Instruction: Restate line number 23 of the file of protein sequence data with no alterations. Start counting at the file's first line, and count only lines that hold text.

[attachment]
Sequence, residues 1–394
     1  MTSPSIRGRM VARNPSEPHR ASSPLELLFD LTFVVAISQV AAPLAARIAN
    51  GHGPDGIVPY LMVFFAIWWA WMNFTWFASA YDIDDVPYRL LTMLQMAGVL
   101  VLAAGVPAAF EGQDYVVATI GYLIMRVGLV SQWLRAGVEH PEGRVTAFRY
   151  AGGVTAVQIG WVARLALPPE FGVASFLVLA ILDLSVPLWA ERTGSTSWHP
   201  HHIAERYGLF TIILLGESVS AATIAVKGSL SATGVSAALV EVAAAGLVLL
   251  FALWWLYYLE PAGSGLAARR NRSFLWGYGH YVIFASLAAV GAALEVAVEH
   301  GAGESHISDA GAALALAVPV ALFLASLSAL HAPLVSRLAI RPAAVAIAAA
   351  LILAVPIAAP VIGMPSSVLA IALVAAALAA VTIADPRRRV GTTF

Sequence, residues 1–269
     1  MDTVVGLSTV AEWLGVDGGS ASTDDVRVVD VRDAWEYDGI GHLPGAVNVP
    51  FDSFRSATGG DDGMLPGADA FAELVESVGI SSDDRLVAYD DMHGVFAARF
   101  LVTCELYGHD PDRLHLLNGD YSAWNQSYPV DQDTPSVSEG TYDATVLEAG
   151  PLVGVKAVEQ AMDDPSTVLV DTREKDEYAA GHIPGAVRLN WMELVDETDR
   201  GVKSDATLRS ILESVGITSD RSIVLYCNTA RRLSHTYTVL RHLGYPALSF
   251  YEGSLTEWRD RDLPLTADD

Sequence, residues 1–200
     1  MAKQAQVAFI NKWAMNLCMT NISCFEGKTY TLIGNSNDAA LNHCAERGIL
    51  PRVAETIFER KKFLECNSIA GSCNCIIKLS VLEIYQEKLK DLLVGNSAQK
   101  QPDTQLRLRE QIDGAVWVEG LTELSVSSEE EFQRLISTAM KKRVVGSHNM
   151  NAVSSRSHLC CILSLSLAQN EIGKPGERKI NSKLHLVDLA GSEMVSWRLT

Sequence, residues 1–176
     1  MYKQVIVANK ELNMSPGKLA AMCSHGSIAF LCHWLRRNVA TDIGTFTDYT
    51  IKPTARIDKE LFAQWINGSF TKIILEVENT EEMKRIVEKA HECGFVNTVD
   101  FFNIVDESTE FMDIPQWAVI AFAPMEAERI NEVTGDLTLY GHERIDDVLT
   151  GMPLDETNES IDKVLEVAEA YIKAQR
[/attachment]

     1  MYKQVIVANK ELNMSPGKLA AMCSHGSIAF LCHWLRRNVA TDIGTFTDYT